Barenboim’s Die Walküre in Berlin

Wagner, Die Walküre: Soloists, Staatskapelle Berlin, Daniel Barenboim (conductor). Schillertheater, Berlin, 17.4.2011 (MB)

Siegmund – Simon O’Neill
Sieglinde – Anja Kampe
Hunding – Mikhail Petrenko
Wotan – René Pape
Brünnhilde – Iréne Theorin
Fricka – Ekaterina Gubanova
Gerhilde – Danielle Halbwachs
Ortlinde – Carola Höhn
Waltraute – Ivonne Fuchs
Schwertleite – Anaïk Morel
Helmwige – Erika Wueschner
Siegrune – Leann Sandel-Pantaleo
Grimgerde – Nicole Piccolomini
Rossweisse – Simone Schröder
Dancers – Guro Nagelhus Shia, Vebjorn Sundby

Guy Cassiers (director, set design)
Enrico Bagnoli (set design, lighting)
Tim van Steenbergen (costumes)
Arjen Klerkx, Kurt D’Haeseleer (video)
Michael P Steinberg, Detlef Giese (dramaturgy)
Csilla Lakatos (choreography)

Staatskapelle Berlin
Daniel Barenboim (conductor)

Picture Courtesy of Staatsoper Unter den Linden

Guy Cassiers’s production of the Ring continues, in its second instalment, to baffle. So far, so unusual, one might say, but the nature of my bafflement is different from any other Ring I can recall. If ever there were a work overflowing with ideas – the overflowing and the conflict being part and parcel of the experience – it is surely the Ring. Yet Cassiers seems to have none at all. I was highly critical of the Weimar Ring, released on DVD, but at least it tried to present some conceptual framework, however confused. The concern of the present production, already staged at La Scala, though Siegfried and Götterdämmerung will be staged first in Berlin, seems to be present a pleasant backdrop for what otherwise might as well be a concert performance. It is not ‘traditional’ in the sense of Otto Schenk’s mindless ‘restorationist’ production for the Metropolitan Opera; it merely seems empty, devoid of meaning, whether political or otherwise.

Take the Ride of the Valkyries. I recall Deryck Cooke’s wise retort to Eric Blom’s jibe about ‘the most tasteless piece of music ever written’: namely, what on earth would be the point of a tasteful Ride of the Valkyries? This seems to be it, or at least to approach it: a scenic backdrop of elegant black horses, not entirely dissimilar from what one might find emblazoned on a Baroque fountain. That is it. At a push, one might wonder whether a point were being made concerning representational culture, a feudal order about to be overthrown, but there is no suggestion that this might be the case. A little later, we see ‘tasteful’ video projections of a male nude, credited as a dancer, almost Old Master-ish; I have no idea why. Video projections of René Pape’s (Wotan’s) face occasionally surfaced during the first act, when Wälse was mentioned; otherwise, it was difficult to note any other feature to the production. Red poles descend from the ceiling during the third act: they are not unpleasant to look at, yet do not seem to signify anything. Costumes tend to be expensive-looking but unflattering, Brünnhilde’s taffeta-style bustle a case in point.

The performance was considerably better. Daniel Barenboim led a warmly Romantic account, considerably contrasted to the surprising Neue Sachlichkeit objectivism he had imparted to Das Rheingold. I assume a contrast between the frigid world of the gods and the purely human love of the Volsungs was intended; that, at any rate, is how it came across. It may be of interest to note that Barenboim has insisted upon a semi-covered pit for the Schillertheater, in partial imitation of Bayreuth. I am not sure what good this does; it is difficult to tell whether the somewhat restrained – or constrained – result is a product of the less than sensational acoustic of the Staatsoper’s temporary home or a matter of deliberate intent. What I can say is that Barenboim’s reading proved full of momentary incident whilst maintaining the necessary longer line, an especially difficult task in the second and third acts. This seemed to me the best conducted Walküre I had heard since Bernard Haitink’s account for the Royal Opera at the Royal Albert Hall. The Staatskapelle Berlin’s performance was not faultless, but a few fluffs were more than compensated for by the rich, variegated tone emanating from the pit.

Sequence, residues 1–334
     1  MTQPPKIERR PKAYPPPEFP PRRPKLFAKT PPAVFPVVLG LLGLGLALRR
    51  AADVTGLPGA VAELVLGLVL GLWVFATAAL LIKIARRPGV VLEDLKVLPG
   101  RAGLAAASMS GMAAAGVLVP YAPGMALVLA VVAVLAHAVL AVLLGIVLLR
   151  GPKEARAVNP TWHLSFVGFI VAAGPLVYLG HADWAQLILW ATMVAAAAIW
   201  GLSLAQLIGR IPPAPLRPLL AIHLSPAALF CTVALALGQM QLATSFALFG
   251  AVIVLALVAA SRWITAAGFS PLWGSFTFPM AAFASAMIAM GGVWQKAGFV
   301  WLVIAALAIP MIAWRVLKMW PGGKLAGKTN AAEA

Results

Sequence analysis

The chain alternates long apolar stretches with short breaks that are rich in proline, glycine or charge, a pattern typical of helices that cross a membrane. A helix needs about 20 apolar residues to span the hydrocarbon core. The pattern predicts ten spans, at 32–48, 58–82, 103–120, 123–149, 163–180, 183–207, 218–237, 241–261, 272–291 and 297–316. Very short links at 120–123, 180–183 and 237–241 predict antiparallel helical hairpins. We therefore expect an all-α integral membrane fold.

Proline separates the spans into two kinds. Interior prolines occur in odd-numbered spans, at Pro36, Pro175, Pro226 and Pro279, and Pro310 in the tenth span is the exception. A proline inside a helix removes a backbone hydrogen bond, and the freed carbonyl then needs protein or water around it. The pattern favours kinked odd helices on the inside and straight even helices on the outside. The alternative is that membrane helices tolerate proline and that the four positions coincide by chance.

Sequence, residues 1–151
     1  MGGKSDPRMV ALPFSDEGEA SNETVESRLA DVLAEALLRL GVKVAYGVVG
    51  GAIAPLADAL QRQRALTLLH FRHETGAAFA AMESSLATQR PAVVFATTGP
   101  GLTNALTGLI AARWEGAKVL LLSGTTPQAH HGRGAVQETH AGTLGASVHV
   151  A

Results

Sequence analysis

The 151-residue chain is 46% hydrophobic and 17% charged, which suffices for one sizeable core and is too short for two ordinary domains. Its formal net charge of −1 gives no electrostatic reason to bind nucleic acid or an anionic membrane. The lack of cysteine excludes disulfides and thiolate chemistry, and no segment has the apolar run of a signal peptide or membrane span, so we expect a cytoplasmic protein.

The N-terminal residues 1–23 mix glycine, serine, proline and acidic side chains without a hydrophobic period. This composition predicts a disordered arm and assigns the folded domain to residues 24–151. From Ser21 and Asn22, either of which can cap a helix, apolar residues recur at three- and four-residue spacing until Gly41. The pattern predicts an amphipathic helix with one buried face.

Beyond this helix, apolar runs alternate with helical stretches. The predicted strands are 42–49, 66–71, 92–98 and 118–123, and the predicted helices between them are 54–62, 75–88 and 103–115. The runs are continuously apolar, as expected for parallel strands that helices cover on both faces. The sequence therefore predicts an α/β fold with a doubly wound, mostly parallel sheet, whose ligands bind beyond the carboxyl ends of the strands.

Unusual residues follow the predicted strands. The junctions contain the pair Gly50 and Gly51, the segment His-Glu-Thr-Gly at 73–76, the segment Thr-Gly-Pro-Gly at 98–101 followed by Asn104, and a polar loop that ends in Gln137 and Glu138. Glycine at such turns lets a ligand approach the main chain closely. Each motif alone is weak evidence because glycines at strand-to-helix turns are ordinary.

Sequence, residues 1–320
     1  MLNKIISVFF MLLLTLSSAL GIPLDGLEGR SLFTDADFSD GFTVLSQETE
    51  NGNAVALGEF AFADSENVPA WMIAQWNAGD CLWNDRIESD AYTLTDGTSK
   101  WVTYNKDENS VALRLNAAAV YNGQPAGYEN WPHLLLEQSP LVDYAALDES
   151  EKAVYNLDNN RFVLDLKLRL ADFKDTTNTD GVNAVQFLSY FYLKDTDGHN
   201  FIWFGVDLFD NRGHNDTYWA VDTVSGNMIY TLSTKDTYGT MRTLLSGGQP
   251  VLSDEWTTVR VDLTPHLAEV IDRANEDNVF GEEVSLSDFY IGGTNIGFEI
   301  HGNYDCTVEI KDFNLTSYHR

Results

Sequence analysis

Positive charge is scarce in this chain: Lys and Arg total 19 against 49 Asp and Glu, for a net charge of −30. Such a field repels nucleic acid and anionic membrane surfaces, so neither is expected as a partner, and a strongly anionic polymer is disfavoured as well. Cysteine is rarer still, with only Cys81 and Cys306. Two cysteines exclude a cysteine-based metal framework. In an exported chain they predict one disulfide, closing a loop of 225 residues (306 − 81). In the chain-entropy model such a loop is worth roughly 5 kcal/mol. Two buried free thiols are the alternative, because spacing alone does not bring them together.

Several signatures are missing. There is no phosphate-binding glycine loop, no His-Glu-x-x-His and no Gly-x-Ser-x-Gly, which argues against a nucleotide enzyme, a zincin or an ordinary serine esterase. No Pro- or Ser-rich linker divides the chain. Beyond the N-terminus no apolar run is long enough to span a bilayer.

The cast was generally fine. Simon O’Neill’s Siegmund was slightly disappointing. His metallic timbre is not to my taste and his stage presence might best be described as old-fashioned gestural. (On the other hand, it was not clear that any of the singers received any assistance from the director.) Anja Kampe proved an increasingly spirited Sieglinde, improving in each act, her performance culminating in a radiant ‘O höchstes Wunder!’ Mikhail Petrenko maintained the high standards I noted from him as Hunding in Aix – and Hagen there in Götterdämmerung too. There have been many blacker-toned Hundings, but Petrenko’s malevolent stage presence and delivery of text are ample substitute for the more ‘traditional’ sound. Ekaterina Gubanova presented an imperious, wounded Fricka: the woman within and the stern moralising presence without were placed in finely judged counterpoint. Iréne Theorin overcame the handicap of her costume to show a Brünnhilde gaining in humanity throughout her two acts. I have heard Valkyries with more beautiful of tone, but Theorin presents no particular reason for complaint. René Pape’s Wotan, however, proved somewhat frustrating. There were times when his fabled rich beauty of tone came very much to the fore and there was bitterness too. However, his attention sometimes seemed to stray, most persistently during his ‘Farewell’ scene, in which a good number of words were the victims of substitution. I am told that there had been a greater number of errors during the final rehearsal. A great hope for the role has yet, it seems, to fulfil his promise.

Mark Berry